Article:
Java 8: Simple Example of First-class Functions

A first-class object (or first-class citizen) in programming languages can be defined as an entity that supports the following operations: being passed as a parameter, being assigned to a variable and being returned from a function. In other words, everything that contains a value can be considered a first-class citizen.

In the previous versions of Java we had the following elements as first-class objects:

Primitive values: int, double, long, short, byte, char, etc.
Objects: new Integer(1), new ArrayList(), new Person(), etc.

Methods and classes, since they’re not values, were considered second-class.

Now with Java 8, functional-style programming was introduced to the “Java World”, methods can now be treated as values, which means that now, like in Scala and JavaScript, they’re also first-class citizens and they can be passed as parameters, assigned to variables and also returned from functions.

Here is a simple example of how to use this Java 8 feature:

Let’s suppose we have a list of objects and we want to filter it by some specific attribute, this is the conventional way to do it:

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public List filterPersonByAge(List<Person> list) {
        List result = new ArrayList();
        for (Person person : list) {
            if(p.age > 65){
                result.add(person);
            }
        }
        return result;
}

In this case I’m just filtering and returning everyone with age greater than 65, the problem is that if I need to filter this list again by another attribute I’ll have to duplicate this code and modify just one single line. That’s exactly the advantage of Java 8 first-class functions, by using them we don’t have to duplicate the code.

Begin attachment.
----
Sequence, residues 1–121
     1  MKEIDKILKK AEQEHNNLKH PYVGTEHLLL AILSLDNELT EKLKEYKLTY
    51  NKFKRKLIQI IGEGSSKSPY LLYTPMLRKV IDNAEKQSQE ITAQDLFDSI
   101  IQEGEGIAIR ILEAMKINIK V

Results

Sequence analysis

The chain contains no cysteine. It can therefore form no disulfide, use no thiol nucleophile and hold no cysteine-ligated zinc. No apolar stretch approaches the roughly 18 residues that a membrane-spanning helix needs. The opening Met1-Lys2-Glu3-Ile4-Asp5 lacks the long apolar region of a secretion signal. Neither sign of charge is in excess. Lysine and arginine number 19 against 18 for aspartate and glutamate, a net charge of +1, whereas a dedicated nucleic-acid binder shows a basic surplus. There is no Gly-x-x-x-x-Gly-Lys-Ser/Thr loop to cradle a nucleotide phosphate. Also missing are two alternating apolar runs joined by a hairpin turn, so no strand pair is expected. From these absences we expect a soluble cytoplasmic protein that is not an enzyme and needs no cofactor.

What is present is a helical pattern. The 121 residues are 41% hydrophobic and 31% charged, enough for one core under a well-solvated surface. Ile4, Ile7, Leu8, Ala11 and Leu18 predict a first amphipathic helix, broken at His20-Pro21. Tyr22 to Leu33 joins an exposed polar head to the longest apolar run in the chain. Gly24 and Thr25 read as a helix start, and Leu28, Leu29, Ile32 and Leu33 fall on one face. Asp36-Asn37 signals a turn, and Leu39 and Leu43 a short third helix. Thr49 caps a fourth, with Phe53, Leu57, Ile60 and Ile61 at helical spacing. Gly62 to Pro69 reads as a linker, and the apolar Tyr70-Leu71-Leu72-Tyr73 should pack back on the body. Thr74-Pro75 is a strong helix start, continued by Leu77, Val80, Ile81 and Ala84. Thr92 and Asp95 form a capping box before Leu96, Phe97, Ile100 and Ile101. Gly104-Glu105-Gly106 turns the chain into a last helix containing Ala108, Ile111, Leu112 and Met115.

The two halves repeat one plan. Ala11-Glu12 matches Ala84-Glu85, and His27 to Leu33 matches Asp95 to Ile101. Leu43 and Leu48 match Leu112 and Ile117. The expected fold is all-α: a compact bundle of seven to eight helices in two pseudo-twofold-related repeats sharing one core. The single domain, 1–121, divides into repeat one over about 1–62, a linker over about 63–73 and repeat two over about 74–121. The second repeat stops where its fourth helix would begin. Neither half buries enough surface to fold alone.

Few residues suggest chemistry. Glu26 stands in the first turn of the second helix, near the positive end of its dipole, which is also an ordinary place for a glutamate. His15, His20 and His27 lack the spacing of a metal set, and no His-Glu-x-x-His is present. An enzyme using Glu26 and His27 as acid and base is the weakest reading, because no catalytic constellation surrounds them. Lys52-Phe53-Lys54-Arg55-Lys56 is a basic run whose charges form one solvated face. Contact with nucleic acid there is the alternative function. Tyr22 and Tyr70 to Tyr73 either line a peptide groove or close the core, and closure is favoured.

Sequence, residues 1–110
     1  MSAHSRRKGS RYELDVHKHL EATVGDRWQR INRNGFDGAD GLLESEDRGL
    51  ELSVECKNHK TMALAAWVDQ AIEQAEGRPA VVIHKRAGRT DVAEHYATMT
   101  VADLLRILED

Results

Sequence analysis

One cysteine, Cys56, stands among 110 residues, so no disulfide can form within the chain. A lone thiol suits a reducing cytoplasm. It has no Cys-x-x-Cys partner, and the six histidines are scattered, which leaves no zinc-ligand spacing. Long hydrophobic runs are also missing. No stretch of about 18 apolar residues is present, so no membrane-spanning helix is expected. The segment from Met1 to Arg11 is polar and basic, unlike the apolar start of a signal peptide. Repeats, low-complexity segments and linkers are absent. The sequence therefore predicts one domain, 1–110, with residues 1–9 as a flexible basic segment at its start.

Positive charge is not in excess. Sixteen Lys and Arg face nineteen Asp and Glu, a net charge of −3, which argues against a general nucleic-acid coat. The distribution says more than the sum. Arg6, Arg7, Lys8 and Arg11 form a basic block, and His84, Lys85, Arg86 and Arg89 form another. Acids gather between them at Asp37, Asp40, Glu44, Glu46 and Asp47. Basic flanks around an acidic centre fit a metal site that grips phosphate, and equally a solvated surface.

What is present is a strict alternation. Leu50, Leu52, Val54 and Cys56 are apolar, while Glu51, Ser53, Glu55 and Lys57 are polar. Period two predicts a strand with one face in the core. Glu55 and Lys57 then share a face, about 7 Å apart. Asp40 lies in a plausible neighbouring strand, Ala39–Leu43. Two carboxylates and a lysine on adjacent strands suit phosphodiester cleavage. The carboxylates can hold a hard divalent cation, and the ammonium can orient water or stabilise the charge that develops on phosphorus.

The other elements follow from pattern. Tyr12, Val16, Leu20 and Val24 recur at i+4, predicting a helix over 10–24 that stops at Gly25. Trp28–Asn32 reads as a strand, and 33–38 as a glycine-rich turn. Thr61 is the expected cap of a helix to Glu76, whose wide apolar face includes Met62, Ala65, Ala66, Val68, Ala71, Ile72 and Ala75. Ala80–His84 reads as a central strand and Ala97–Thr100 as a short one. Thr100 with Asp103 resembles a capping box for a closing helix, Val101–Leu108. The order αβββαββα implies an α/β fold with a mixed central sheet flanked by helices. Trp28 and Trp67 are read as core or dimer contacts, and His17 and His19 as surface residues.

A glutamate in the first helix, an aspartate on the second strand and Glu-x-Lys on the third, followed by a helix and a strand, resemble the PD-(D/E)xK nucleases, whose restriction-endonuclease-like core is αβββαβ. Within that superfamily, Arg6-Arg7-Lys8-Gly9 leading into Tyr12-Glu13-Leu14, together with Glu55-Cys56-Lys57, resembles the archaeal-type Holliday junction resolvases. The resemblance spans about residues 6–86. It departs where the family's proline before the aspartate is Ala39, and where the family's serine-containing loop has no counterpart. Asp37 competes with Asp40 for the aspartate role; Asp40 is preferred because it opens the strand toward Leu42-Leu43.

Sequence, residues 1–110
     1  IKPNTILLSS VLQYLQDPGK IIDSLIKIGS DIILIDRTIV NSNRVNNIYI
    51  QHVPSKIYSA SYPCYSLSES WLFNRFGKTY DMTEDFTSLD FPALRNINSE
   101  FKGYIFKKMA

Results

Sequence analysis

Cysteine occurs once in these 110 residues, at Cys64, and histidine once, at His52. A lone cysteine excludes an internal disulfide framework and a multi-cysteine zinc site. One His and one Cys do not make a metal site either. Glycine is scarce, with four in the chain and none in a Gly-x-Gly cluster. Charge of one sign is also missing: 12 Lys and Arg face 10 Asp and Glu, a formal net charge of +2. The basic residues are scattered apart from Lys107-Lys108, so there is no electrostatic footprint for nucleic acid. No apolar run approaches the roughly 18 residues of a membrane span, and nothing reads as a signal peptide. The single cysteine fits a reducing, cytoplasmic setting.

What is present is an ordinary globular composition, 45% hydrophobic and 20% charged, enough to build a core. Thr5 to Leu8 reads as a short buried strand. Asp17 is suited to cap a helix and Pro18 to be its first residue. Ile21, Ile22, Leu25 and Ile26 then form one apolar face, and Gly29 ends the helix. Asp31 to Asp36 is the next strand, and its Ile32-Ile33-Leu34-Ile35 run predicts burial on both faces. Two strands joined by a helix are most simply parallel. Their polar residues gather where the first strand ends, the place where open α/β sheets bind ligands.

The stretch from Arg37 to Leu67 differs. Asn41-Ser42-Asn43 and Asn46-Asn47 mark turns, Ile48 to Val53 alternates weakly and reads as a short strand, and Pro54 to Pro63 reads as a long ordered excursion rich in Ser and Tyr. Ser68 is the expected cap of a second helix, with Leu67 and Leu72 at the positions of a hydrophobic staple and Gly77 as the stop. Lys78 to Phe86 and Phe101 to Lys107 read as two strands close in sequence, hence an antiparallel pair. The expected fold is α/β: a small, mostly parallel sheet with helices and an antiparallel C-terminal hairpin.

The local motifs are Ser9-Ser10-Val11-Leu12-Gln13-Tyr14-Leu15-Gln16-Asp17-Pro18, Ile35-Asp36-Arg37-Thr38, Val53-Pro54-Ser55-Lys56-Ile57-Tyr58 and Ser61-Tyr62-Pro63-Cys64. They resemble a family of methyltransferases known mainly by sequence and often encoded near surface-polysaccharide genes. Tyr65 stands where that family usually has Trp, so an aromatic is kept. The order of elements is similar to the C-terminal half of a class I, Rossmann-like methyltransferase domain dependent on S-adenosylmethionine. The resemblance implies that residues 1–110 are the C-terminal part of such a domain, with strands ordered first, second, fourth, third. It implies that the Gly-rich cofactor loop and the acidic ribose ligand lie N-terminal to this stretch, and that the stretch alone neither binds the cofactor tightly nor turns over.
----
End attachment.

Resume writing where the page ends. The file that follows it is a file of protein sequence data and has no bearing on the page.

Here is the same method rewritten using first-class functions:

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import java.util.function.Predicate;
 
public class FirstClassFunctionExample {
 
   public List filterPerson(List<Person> list, Predicate<Person> p) {
       List result = new ArrayList();
       for (Person person : list) {
           if(p.test(person)){
               result.add(person);
           }
       }
       return result;
   }
 
   public boolean ageFilter(Person p){
       return p.age > 65;
   }
}

Note that I’ve added a new parameter of the type Predicate, which will be the value that contains the condition I’m going to test in the line 8. I’ve also implemented the ageFilter method, which is the one I’m going to pass as the parameter ‘p’.

And finally, this is how we call the filterPerson method passing ageFilter as a parameter:

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filterPerson(personList, FirstClassFunctionExample::ageFilter);

That’s it! Now if I need to filter by another attribute I just have to change a little bit the filter implementation (or write another filter), the method that will actually filter the list will be reused.

Source: Java 8 in Action

One comment on “Java 8: Simple Example of First-class Functions

  1. kaushali

    Thank you very much for this. I have read books about java 8 features, But I didn’t get clear idea about that. Now I got idea.

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